What’s more is not just “art,” but rather “The Arts” involved with coding. I mean… it’s language. You’re essentially using one language to talk to another language, and that language talks to a machine. That’s beautiful to me. Beyond the code, there’s the SDLC. Using all kinds of methodologies in order to get a group of people to achieve a singular goal, whatever that goal may be. Maybe it’s creating a product, maybe it’s establishing a work culture, maybe it’s fixing a legacy product in order to keep a company alive. It’s also strategy — in every aspect of being a developer. Also, leveraging every tool you can find to make your life easier — IDEs, code quality tools, source control, diff tools, logging tools, communications frameworks
And yeah… it pays a ton of money. I get to play with computers and other tech all day. I wear shorts and a tshirt to work. My work schedule is flexible. I am not micromanaged. And I get to give the finger to my step-father that used chew me out for wasting too much time on my computer as a teen and basically telling me I’m a lazy piece of shit. Well, I did it anyway AND I’m a veteran and a former music educator so … F**K that guy.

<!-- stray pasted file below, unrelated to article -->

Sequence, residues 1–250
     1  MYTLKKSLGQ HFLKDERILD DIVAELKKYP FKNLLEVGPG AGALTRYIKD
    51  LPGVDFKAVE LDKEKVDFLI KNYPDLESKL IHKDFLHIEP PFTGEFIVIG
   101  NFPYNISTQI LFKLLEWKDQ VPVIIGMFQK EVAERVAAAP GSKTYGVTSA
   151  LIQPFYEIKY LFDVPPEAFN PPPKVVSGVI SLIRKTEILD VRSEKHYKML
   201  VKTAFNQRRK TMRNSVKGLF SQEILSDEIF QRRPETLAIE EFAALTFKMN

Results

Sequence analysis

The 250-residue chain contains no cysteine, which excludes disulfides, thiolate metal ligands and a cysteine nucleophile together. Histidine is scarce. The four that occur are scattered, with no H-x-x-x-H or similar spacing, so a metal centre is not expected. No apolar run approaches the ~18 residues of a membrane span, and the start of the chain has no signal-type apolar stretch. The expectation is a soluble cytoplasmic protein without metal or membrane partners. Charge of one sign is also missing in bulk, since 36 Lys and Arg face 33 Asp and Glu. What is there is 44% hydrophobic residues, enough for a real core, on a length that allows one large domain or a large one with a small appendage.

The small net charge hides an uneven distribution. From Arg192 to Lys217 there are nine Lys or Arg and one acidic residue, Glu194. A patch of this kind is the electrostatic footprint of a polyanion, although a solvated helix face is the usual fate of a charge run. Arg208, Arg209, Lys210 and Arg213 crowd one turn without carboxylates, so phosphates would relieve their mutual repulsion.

I know many people will read this and think that I’m full of it. I’m not. I actually do look at coding like this (and much more) which is why I love it so much. I’ve worked in food service/dining, graphic design, print, in a lab at Coca Cola, in manufacturing, and even as as a jet mechanic (crew chief) in the military. I graduated from high school with a 1.8 because that world was uninteresting back then, but then I graduated with my Bachelors at a 3.72 because I discovered coding while I was on special duty in the Air Force (I wrote a debriefing system for them in order to gain back some personal time – it cut a task down from 4 hours down to 5 minutes lol) and found that it was what I loved and this very quickly opened me up to studying up on a lot of other, unrelated things as well. It was life-changing. It’s the best job in the world if you have the head for it.